2 Answers 2


We make DC fan controllers for large earth-moving machinery. There are 8 or 10 large fans (depending on the machine) running from the nominal 28 Vdc power supply.

Inrush current is large - more than 50 Amps per fan. The people who contracted us to build their controllers told us that any relay-based controllers they attempted to build had very short lifetimes, usually ending in violent death.

We built controllers that handle the fans in pairs - two fans per controller output. One model has 4 output channels, the other model we build has 5 output channels.

We used sense-FETs from IRC - IRCZ44. I don't even know if those parts are still manufactured - our controllers are a very old design. Nowadays, I'd use much beefier FETs with hall-effect current sensors from Allegro.

We always ramp the fans from full off to whatever the desired speed is. PWM rate is relatively-high at 25 KHz. Each PWM stage is followed by a large LC filter intended to keep the switching edges from radiating into the communications radios on the machine. Each FET is protected with a large Schottky diode.

The combination of FET, diode, inductor, output capacitor forms a classic buck-converter power stage.

The inductors also helps with detecting over-current conditions - short-circuit current rise time is slowed sufficiently that the system can turn the FETs off before they are destroyed. Wiring shorts are a common problem on the machinery and it is important to protect the controller. This is also one of the benefits of splitting the controller into multiple channels - if one channel shuts down, the remaining channels still operate.

We've learned a lot over the years with this project - this machinery has extreme levels of vibration under extreme environmental conditions. The controller boxes have been quite reliable and the most common failures are with the actual temperature sensors that mount into the engine and transmission on the machine. The mechanics who service the machines tell us that is normal - they are replacing sensors on a regular basis for both our controllers as well as the machine controllers.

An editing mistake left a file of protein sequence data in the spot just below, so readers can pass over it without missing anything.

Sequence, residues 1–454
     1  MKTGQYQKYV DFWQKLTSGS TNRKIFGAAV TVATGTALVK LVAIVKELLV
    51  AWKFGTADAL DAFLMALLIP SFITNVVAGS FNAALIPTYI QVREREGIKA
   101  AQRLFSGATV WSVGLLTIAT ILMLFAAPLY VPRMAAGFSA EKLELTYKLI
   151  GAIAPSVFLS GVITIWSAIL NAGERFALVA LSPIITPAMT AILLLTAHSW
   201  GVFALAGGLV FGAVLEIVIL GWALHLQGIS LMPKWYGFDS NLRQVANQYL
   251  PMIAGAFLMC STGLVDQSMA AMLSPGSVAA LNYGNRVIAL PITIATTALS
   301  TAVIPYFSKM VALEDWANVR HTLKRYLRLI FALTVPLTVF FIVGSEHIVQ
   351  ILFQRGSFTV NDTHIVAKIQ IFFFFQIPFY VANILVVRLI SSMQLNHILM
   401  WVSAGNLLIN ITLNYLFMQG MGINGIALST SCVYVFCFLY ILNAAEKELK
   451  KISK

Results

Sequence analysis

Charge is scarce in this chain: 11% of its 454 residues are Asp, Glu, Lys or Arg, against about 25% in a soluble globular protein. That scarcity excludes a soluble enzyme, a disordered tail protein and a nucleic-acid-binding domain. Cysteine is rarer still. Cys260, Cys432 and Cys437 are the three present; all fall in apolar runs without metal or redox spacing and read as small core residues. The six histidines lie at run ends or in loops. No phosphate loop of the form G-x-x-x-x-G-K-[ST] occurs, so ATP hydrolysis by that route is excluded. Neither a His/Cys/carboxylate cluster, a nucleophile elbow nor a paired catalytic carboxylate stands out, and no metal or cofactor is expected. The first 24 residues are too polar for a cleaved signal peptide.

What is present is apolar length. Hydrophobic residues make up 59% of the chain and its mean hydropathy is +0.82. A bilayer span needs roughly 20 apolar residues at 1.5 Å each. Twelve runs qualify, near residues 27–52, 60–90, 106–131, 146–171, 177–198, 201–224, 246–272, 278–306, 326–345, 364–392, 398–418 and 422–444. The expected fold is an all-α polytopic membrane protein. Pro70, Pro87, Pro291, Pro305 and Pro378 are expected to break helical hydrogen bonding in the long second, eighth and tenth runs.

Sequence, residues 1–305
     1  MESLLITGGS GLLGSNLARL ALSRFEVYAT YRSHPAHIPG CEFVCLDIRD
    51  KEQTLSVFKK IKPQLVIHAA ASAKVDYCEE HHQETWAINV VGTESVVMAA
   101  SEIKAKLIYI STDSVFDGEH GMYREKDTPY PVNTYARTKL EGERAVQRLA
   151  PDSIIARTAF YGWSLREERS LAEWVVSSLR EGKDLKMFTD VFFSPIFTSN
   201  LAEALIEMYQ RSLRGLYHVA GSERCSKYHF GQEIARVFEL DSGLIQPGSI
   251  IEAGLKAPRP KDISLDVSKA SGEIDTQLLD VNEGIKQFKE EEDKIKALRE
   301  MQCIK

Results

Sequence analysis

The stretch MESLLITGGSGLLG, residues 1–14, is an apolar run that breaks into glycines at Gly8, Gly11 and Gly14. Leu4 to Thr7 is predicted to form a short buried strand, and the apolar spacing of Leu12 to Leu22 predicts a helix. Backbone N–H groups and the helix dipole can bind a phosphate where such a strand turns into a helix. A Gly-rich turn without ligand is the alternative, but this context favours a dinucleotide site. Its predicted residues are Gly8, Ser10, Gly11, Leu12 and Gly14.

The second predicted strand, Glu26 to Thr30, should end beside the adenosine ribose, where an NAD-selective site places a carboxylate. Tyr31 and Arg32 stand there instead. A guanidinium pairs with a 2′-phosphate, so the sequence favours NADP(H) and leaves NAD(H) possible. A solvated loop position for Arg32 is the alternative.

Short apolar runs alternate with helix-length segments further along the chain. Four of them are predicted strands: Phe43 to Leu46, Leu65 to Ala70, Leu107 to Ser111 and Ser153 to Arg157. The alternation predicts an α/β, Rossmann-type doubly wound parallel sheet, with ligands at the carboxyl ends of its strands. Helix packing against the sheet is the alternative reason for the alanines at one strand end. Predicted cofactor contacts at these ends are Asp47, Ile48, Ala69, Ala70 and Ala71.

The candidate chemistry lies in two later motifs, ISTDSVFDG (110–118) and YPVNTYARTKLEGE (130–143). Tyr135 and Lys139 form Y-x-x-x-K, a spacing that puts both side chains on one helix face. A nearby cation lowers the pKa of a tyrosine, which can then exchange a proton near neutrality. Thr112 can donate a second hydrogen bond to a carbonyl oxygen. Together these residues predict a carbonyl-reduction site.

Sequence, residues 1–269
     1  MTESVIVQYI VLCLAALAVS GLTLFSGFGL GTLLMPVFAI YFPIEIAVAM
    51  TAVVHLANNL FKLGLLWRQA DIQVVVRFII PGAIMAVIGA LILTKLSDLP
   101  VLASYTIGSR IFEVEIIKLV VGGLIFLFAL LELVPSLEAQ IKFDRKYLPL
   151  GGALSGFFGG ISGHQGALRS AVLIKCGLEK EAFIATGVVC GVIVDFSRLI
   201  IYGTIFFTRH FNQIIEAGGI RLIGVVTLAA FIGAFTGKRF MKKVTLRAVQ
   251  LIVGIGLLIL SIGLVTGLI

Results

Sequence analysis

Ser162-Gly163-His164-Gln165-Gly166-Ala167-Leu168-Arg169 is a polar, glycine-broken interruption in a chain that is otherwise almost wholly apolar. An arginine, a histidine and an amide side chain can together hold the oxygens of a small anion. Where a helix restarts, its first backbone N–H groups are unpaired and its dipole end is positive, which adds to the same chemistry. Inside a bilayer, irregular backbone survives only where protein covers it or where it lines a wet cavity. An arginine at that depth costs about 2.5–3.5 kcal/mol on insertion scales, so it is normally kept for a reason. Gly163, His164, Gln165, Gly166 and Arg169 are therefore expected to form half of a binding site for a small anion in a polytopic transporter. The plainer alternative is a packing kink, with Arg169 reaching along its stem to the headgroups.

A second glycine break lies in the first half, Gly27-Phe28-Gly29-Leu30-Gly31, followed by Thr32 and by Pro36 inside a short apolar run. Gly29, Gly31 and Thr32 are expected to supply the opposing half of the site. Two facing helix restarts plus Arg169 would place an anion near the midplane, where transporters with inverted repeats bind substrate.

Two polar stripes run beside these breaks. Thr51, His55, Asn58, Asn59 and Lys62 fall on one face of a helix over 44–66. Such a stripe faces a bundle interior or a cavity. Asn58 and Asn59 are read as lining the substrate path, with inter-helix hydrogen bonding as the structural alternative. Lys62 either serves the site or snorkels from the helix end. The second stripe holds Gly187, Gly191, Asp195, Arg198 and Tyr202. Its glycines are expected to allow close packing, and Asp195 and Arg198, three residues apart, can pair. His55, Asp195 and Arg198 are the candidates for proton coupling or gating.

The main take-away from our experience is that FET-based controllers are reliable but you must use PWM to get the fans spinning.


I realized that I didn't address your concerns about free-wheeling and free-wheel over-speed.

Because this is a simple buck converter, the fan is free to free-wheel whenever there is sufficient airflow to cause the blades to spin. The circuit does not add any drag to the fan while the fan is supposed to be off.

Over-speed is controlled by the Schottky clamp diodes in the PWM stages. If the fan begins to spin too quickly, the voltage generated by the fan rises to the battery voltage, When the fan speed causes the generated output to exceed the battery voltage plus the Schottky diode drop, the fan starts supplying energy into the vehicle electrical system.

This controls the fan speed - the speed will rise to that point and then the drag causes by the electrical load of the vehicle causes the fan to not exceed that speed.

  • \$\begingroup\$ Awesome, that's great info from a very relevant field too. Thanks! \$\endgroup\$
    – John U
    Jun 15, 2015 at 15:03

NOTE : I am not attempting to answer the whole question.

The startup spike is not an inductive spike : that will come when you switch it off.

The startup spike is purely resistive : the 12V source divided by the motor's DC resistance. Measure that accurately (several times, rotating the fan between each, and picking the lowest) and you can calculate the stall current, which will also be drawn momentarily, until the fan starts spinning, so the motor can build up back-EMF.

If the normal operating current is 15A, the stall current could be in the region of 100A. Knowing the actual current will help you pick suitable MOSFETs or solid state relays for whichever solution you choose.